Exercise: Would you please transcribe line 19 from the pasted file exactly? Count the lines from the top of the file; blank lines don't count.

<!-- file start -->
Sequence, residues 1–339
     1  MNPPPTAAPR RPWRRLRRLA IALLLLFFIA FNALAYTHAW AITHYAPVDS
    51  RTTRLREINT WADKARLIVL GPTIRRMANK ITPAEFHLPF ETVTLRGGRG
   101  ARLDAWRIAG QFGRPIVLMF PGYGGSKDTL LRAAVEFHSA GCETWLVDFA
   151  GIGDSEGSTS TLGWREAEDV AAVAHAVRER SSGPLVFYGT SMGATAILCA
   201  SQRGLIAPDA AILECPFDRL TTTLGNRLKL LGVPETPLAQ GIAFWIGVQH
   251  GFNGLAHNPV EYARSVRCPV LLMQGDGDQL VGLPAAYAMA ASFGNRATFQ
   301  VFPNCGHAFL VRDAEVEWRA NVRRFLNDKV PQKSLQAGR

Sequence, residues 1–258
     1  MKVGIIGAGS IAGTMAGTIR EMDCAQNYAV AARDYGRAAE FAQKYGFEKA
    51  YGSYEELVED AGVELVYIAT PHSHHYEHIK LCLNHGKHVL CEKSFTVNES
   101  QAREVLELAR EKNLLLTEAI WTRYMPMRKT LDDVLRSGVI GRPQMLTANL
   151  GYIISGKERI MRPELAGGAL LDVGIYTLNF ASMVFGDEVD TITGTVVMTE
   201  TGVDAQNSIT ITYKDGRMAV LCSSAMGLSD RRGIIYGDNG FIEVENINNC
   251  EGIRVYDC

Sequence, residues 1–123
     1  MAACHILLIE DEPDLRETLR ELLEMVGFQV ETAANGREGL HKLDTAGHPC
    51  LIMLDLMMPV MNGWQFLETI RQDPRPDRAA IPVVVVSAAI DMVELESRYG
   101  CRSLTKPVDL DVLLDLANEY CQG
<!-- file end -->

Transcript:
   101  CRSLTKPVDL DVLLDLANEY CQG